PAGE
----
Filed under: Economy, Health Care, News of the Weird, Law, The United States | Tags: Not Immune After All, Fabulous Hospital, Fabulous Oncologist
Sorry about the light posting recently. I just finished a course of radiation treatment following surgery in December, and it has temporarily wiped me out. Fatigue. All is well, however, and I’ll just be tired for a couple of weeks.
Misspellings and odd juxtapositions of letters are to be excused. Be patient. We had about an inch and a half of snow on Saturday, which melted on Sunday and we’re back to our normal rain and clouds. Good. Did not need icy streets just now. Told to take extra vitamin D to cope with our gloomy climate. Figures.
Filed under: Politics, Health Care, Liberalism, Democrat Corruption, Taxes, Capitalism, Law, The United States, Regulation | Tags: Bad Assumptions, ObamaCare Flaws, Unworkable Mandates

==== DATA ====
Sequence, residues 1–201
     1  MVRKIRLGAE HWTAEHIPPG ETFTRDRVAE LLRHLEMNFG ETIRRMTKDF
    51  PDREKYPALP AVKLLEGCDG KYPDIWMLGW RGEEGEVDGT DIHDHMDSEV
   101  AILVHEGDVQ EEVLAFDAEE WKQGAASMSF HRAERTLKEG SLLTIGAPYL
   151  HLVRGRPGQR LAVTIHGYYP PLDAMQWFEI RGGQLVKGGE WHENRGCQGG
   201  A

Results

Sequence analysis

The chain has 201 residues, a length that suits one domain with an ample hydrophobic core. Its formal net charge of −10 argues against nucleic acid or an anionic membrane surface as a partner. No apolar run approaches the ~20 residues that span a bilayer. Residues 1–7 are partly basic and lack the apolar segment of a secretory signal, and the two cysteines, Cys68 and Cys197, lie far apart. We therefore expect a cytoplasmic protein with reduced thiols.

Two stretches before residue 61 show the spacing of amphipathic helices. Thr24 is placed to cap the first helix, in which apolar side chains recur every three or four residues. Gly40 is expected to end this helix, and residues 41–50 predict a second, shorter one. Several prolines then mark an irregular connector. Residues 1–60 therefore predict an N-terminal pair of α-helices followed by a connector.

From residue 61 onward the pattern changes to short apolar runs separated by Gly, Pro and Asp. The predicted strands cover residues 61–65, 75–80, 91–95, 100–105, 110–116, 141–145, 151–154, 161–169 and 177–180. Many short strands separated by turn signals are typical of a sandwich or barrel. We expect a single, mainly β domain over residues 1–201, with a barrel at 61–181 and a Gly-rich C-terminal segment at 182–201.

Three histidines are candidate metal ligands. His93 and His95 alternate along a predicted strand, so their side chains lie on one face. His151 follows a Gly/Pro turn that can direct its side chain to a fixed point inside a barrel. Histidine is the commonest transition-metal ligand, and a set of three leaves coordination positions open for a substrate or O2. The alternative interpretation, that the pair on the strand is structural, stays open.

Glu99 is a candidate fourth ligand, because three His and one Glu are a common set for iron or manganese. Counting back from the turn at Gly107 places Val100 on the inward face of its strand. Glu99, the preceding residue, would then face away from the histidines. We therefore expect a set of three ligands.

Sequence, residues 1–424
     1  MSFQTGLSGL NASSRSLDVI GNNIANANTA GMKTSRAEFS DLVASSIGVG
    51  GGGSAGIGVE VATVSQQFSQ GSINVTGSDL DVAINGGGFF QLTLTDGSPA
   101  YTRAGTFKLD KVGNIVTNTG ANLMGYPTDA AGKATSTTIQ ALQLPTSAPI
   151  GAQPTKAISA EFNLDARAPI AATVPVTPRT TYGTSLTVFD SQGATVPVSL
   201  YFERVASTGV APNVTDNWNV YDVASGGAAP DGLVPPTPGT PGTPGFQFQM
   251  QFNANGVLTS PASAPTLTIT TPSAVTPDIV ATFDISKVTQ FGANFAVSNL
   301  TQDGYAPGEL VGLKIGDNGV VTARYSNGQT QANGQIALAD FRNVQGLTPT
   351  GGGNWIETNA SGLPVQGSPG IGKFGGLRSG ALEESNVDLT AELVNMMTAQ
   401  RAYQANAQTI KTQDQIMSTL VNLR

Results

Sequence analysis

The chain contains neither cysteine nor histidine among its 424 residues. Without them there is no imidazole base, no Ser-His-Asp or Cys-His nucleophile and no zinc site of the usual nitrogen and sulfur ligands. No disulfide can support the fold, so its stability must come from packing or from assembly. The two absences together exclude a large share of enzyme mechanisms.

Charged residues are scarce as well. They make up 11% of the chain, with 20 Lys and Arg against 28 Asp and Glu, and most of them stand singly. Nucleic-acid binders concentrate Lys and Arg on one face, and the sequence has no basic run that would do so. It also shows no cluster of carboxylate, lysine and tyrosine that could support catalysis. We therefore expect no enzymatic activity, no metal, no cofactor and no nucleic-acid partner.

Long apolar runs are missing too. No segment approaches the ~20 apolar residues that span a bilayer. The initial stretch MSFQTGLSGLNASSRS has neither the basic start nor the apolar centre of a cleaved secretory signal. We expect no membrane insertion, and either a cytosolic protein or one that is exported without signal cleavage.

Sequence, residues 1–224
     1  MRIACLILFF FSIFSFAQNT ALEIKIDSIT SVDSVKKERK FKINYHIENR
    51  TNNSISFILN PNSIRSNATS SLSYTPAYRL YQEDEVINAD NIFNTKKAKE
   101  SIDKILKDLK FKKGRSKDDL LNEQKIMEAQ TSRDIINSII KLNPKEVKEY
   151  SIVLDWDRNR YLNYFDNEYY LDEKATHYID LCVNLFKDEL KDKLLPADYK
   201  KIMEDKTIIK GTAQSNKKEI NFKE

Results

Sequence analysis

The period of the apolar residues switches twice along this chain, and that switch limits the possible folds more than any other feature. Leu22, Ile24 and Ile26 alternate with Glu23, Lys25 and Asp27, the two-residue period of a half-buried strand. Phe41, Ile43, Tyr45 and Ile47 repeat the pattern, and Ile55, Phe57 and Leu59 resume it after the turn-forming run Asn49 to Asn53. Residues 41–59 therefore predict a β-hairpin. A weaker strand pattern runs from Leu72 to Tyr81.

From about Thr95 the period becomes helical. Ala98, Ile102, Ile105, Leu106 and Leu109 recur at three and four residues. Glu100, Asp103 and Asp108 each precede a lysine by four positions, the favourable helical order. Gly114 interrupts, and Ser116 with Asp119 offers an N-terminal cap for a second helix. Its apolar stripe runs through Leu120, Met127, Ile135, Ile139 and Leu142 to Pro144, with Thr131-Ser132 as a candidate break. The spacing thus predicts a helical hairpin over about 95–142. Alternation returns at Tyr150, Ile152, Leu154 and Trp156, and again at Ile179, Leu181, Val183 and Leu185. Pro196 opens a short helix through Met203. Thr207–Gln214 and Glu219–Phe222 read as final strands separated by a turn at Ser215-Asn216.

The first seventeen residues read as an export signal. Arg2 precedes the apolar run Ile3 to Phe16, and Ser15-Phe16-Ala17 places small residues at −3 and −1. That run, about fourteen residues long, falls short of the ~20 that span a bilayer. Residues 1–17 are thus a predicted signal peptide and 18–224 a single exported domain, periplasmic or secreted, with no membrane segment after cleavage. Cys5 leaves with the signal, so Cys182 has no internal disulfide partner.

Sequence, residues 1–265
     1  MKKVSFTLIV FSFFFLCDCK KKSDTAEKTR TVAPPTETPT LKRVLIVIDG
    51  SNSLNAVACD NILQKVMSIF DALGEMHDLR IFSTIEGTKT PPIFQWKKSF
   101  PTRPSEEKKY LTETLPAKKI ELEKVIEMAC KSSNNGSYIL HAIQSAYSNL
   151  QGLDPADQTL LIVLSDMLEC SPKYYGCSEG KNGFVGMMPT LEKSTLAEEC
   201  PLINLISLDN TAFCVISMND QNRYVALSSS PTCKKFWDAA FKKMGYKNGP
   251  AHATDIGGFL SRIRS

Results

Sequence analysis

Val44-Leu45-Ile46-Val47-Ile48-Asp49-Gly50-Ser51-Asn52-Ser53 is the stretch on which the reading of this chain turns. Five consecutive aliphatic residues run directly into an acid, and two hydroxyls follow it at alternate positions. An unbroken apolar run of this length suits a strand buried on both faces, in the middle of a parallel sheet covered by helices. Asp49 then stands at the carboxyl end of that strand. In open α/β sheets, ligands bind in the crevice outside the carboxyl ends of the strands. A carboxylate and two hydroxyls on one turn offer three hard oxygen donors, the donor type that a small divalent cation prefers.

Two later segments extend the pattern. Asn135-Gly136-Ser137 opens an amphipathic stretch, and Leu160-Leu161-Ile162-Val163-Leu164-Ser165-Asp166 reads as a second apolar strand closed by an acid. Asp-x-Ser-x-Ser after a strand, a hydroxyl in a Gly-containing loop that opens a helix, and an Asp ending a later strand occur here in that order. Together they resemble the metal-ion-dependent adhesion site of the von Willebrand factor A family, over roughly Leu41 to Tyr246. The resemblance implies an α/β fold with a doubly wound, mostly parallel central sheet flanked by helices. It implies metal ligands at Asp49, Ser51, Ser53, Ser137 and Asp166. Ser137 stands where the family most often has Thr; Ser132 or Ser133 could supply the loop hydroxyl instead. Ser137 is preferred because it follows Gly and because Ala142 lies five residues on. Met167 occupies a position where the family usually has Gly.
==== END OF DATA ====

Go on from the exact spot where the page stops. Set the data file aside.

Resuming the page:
Surely you expected this. Everyone has been talking about when larger businesses have to face up to the employer mandate in ObamaCare. Will they meet the mandate, with policies that are acceptable to the ACA? Will thousands of people be dropped by their policies? Will thousands of people be cut back to 28 hours so the companies don’t have to supply health insurance. Will they join everyone else in being furious that they can no longer see their doctor, but must search for a new one?
— If the employer mandate were to take effect immediately, you would have a lot of angry people right before the mid-term elections. Can’t have that. Charles Krauthammer said that” delaying the employer mandate simply to ease political pain before an election is the kind of stuff they do in banana republics.”
— CNS News points out that President Barack Obama’s Treasury Department today issued a new regulation that for the second time directly violates the plain and unambiguous text of the Affordable Care Act by allowing some businesses to avoid the law’s Dec, 31, 2013 deadline to provide health insurance coverage to their employees.
— There are an avalanche of regulations still to come under ObamaCare. 28 new paperwork rules will cost $1.4 billion a year to comply with. It would take 22,800 employees working full time to complete the new paperwork. These regulations will cost $1.4 billion annually just in completion of the paperwork.